# 2.5 Mortgages: Part II – Calculations

### P&I Payments

When you borrow money, you must pay back what you borrowed (principal) plus extra (interest) to the lender. While your actual mortgage payment will be higher (discussed shortly), we will begin by reviewing the loan payment problems from last module.

Let’s try one together…

### PMI

When you are unable to produce a down payment of 20%, banks generally require private mortgage insurance or PMI. Once a borrower surpasses 20% equity, they can stop paying for PMI. As mentioned earlier, PMI is meant to cover the costs of foreclosure for the bank in the event you are unable to continue to pay for the house.

Let’s try one together…

### Property Tax

Jurisdictions will levy a tax on the assessed value of a property. It should be noted that the assessed value is not necessarily the market value. Some jurisdictions only assess at a certain percentage of the market value.

Additionally, homeowners generally have to pay multiple property taxes. In Pennsylvania it is typical to have to pay property taxes to your city or township, your county, and your school district. Some of these bills are combined (generally the city/township and county) or each bill may be separate.

As mentioned, property tax is generally given in mills, which is thousandths of a dollar. So if the tax rate is 20 mills, then for every dollar of appraised value, you owe $1. Some examples follow…

Let’s try one together…

Let’s try one together…

Anne has a house with a market value of $180,000. Her jurisdiction uses a appraisal value of 80% of fair market value. The county rate is 11 mills, the city rate is 8 mills and the school district rate is 30 mills. Calculate her total property tax bill.

Answer: $7,056

Tax rates can vary greatly between municipalities, school districts, and counties. For instance, the total tax rate for a house in Peters Township is around 18 mills whereas the total tax rate for a house in Jefferson Hills is around 30 mills. That means that a $400,000 house in Peters Township will cost you $7,200 per year whereas the same house in Jefferson Hills would cost you $12,000 per year. That comes out to an extra $400 per month for the house in Jefferson Hills.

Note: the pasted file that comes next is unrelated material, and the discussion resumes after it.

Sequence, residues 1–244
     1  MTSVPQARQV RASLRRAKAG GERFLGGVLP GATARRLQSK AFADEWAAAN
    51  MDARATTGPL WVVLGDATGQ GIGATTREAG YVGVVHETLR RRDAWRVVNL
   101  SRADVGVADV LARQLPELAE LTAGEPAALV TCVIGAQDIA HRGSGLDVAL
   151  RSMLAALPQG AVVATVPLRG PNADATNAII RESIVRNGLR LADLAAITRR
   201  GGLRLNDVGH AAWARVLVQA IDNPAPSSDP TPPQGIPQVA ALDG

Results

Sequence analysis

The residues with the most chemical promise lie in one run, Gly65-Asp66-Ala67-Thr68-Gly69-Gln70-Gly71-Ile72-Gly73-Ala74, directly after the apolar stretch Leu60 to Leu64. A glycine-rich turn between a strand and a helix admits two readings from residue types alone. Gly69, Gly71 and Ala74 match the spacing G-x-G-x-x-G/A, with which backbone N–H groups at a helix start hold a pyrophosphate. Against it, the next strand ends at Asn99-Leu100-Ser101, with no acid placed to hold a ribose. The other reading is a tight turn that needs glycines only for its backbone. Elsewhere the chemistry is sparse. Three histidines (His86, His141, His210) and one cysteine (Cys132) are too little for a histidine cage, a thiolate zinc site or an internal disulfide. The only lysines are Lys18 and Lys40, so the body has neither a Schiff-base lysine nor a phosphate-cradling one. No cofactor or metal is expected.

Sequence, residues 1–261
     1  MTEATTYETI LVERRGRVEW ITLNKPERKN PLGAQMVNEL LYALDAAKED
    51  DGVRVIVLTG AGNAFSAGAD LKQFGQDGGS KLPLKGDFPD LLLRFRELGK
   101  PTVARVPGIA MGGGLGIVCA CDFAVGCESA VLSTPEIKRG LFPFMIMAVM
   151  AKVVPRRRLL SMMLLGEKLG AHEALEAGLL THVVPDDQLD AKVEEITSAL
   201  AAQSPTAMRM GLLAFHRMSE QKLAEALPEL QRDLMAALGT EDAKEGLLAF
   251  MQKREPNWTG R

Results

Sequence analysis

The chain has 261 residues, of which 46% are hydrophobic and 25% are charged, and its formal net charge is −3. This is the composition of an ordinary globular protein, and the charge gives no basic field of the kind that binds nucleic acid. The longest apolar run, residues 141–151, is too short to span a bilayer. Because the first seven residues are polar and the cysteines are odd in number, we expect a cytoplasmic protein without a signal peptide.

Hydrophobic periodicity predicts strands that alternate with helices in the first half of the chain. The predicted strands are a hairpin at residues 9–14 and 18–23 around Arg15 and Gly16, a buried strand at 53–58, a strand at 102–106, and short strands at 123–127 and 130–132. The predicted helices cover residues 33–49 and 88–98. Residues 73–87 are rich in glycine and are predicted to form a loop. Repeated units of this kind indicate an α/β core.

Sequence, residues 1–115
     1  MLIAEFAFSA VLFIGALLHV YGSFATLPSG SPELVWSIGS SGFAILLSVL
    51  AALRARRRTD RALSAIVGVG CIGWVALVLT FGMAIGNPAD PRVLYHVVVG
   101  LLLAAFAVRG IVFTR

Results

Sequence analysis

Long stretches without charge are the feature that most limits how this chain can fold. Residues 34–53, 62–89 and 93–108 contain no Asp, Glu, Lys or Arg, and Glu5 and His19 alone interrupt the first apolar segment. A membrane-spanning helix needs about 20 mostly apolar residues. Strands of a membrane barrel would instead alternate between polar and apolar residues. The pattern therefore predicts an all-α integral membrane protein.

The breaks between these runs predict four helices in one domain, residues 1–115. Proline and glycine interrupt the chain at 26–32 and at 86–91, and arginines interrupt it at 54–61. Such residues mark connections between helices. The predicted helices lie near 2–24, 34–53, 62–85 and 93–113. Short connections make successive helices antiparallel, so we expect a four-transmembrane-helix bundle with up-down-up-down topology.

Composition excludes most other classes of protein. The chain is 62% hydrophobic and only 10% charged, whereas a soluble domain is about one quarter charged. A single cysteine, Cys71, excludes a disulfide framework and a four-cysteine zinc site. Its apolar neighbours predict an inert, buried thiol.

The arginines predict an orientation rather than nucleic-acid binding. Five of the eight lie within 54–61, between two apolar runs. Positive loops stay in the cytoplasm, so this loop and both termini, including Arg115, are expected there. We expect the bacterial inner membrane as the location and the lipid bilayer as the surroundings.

### PITI

As mentioned earlier, your mortgage payment is generally more than just the principal and interest. To prevent non-payment of taxes (which would put the ownership of the property in peril) or non-payment of property insurance (which would be disastrous for the bank if something happened to the property and the insurance wasn’t active), banks will generally require you to pay money into an escrow account. An escrow account is simply an account where your money is held. The bank has access to this account and will use the funds to pay your property taxes, homeowner’s insurance, and PMI. Therefore, the actual amount you pay each month is called the PITI payment which stands for **P**rincipal, **I**nterest, **T**axes, and **I**nsurance payment. We will run through a few examples, but before we do it is important to point out that when determining what you can afford, you need to look at the PITI and not the P&I. As we saw in the property tax section, houses with the same price tag could have very different PITI payments based on the tax rates.

Let’s try one together…

Jan purchases a house in Jefferson Hills. The purchase price (and we will assume the assessed value) was $375,000. Jan makes a 10% down payment on the house. The bank approves Jan for a 30-year mortgage at a rate of 3.75%. The bank also makes Jan pay for property tax, homeowners insurance, and PMI with each payment. In Jefferson Hills, the property tax rates are as follows: county rate of 4.73 mills, township rate of 5.66 mills, and school rate of 20.236 mills. The homeowners insurance is expected to cost $1,200/year. The monthly PMI is $120. Calculate the PITI payment.

Answer: $2,740.08

Let’s try one together…

Answer: $2,418.58

### Amortization Schedule

We talked about amortization schedules in the last module, but let us take a look at the initial payments for a mortgage.

Let’s try one together…

Answer: Payment = $1,111.48, see video for amortization table

Let’s try one together…

Answer: See video (pays about $20,000 less with 20% down)